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A “Haunting in Venice” leaves viewers more tilted than thrilled

The official movie poster for “A Haunting in Venice.” Kenneth Branagh’s film premiered Sept. 15. PUBLIC DOMAIN

This review contains spoilers.

Only a year after Kenneth Branagh’s semi-autobiographical film “Belfast” landed him an Academy Award for Best Original Screenplay, the 62-year-old actor-director returned for his third Agatha Christie book-to-film adaptation, “A Haunting in Venice.” While the film is filled with a stacked ensemble and a sprinkle of horror, the result is a mediocre picture.

Established through suffocating layers of dialogue, unorthodox characters and lines of dry humor, the narrative revolves around the alleged suicide of opera singer Rowena Drake’s daughter Alicia, who are portrayed by Kelly Reilly and Rowan Robinson, respectively. When Rowena hires a psychic medium named Joyce, played by Michelle Yeoh, she attempts to communicate with Alicia through supernatural means.

Rowena invites some long-time friends and associates over to witness the so-called metaphysical séance — a meeting where people attempt to contact the dead — including Hercule Poirot, the thick-accented, pessimistically dispirited protagonist who is played by Kenneth Branagh. Through his experience as a seasoned detective, Hercule playfully spoils the fun by revealing the séance’s fraudulence, or so he thinks. The reunion spirals into a clashing of personalities, revealing Rowena’s cynical motives and culminates into a classic whodunit twist after the séance doesn’t go as planned.

In a structural sense, this synopsis sounds a bit too familiar, and for good reason: Branagh’s murder mystery is eerily akin to another whodunit, ensemble-heavy series: Rian Johnson’s “Knives Out.” It also doesn’t help that the two franchises have released concurrently and tried subverting similar whodunit tropes, which have inadvertently pushed audiences to compare one with the other.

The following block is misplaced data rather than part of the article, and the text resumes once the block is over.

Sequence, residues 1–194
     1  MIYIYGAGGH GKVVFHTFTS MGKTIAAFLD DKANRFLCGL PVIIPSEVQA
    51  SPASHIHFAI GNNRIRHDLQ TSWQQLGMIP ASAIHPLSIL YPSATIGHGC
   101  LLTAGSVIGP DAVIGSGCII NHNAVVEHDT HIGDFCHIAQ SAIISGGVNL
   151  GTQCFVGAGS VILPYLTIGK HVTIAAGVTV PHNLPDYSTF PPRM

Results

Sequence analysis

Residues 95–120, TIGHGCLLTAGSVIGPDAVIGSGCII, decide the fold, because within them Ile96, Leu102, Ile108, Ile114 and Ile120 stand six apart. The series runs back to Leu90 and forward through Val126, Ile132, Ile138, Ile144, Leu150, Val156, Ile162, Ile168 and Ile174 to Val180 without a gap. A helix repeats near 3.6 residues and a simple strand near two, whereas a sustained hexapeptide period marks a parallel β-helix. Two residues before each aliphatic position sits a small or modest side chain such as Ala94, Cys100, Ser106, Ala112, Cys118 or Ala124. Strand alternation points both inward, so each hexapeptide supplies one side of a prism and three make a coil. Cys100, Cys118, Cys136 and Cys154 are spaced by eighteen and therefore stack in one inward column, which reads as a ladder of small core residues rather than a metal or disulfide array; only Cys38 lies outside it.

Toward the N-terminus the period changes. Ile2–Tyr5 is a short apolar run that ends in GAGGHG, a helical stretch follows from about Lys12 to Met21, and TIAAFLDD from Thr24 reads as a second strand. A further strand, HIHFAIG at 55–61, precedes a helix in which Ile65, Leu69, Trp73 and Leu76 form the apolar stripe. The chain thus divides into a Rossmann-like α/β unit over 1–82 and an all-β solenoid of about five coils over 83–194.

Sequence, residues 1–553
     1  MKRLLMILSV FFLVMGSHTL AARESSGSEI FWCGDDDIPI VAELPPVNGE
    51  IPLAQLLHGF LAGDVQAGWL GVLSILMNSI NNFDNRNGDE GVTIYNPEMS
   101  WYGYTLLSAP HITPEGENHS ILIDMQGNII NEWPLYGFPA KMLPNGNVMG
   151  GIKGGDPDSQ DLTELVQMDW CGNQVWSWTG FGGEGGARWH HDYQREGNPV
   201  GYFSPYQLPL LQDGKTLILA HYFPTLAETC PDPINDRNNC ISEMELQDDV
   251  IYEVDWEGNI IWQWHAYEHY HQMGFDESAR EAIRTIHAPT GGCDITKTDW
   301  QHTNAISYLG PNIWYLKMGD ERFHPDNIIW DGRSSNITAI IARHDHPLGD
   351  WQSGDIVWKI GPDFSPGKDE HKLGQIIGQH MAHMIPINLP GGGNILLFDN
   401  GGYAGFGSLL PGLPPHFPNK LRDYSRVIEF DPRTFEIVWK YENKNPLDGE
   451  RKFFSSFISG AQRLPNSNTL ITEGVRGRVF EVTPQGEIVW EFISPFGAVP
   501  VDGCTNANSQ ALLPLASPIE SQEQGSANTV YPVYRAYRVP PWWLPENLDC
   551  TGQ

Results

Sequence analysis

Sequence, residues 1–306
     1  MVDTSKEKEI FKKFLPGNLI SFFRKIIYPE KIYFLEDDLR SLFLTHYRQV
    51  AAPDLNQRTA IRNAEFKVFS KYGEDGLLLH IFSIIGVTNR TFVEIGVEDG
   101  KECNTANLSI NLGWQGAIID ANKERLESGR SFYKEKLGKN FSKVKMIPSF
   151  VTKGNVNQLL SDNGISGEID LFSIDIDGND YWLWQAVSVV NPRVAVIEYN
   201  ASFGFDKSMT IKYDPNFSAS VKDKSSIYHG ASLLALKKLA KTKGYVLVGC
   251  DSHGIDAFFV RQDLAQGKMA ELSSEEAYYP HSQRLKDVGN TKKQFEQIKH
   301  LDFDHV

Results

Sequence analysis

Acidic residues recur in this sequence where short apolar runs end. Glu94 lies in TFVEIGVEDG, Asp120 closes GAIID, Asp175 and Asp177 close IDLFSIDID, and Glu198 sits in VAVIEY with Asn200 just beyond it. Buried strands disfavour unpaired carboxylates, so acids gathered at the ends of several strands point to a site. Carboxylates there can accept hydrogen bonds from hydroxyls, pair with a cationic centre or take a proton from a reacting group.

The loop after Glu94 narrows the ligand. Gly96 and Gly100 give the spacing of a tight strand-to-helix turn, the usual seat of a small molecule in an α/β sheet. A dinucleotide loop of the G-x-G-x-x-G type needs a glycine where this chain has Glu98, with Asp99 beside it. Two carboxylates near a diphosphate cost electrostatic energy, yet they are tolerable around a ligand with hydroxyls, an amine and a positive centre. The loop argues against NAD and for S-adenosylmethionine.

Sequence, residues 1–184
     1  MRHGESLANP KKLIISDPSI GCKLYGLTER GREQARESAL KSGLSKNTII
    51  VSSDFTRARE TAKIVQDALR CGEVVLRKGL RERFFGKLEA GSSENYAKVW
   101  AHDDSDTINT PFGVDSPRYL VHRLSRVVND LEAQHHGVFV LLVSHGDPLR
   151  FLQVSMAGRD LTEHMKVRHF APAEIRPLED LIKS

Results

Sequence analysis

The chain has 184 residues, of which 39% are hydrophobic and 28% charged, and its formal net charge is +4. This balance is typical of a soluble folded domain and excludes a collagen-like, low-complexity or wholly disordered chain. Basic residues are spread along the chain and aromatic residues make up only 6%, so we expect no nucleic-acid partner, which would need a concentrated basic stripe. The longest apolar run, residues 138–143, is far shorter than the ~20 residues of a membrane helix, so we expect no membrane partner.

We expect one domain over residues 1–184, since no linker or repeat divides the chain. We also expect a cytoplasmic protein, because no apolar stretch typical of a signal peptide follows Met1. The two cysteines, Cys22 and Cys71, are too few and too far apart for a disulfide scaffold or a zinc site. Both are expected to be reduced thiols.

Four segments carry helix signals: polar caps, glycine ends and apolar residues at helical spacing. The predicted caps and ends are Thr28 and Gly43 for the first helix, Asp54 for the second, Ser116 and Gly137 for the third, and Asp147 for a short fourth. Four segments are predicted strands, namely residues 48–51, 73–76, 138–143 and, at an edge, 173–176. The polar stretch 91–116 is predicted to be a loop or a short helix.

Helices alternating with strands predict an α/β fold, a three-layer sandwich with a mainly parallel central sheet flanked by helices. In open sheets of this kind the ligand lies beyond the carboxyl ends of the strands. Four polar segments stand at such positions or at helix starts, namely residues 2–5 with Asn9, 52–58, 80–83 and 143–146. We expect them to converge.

This similarity is best shown in the closing act when the narrative reveals its antagonist in all their glory. Theoretically, I was all for this; after sitting through the slow, occasionally confusing first act, the story desperately needed a jolt of energy. But once the twist unraveled with a sterile flavor of meticulousness, I found myself being mildly underwhelmed. To Branagh’s detriment, “A Haunting in Venice” reminded me of my viewings of “Knives Out” and “Glass Onion: A Knives Out Mystery,” with the former masterfully disguising its hidden antagonist.

In an attempt to diverge itself from its predecessors “Murder on the Orient Express” and “Death on the Nile” in what I will unofficially coin the “Hercule Poirot trilogy,” “A Haunting in Venice” embraces a sporadic horror-adjacent style, with whiplash-inducing jumpscares that jolted me out of my seat and strongly juxtapose the movie’s light, playful tone. But, like any jumpscare-centric movie, its repetitive sequences inadvertently condition audiences to expect the worst; the further you continue watching, the thrills become less punchy.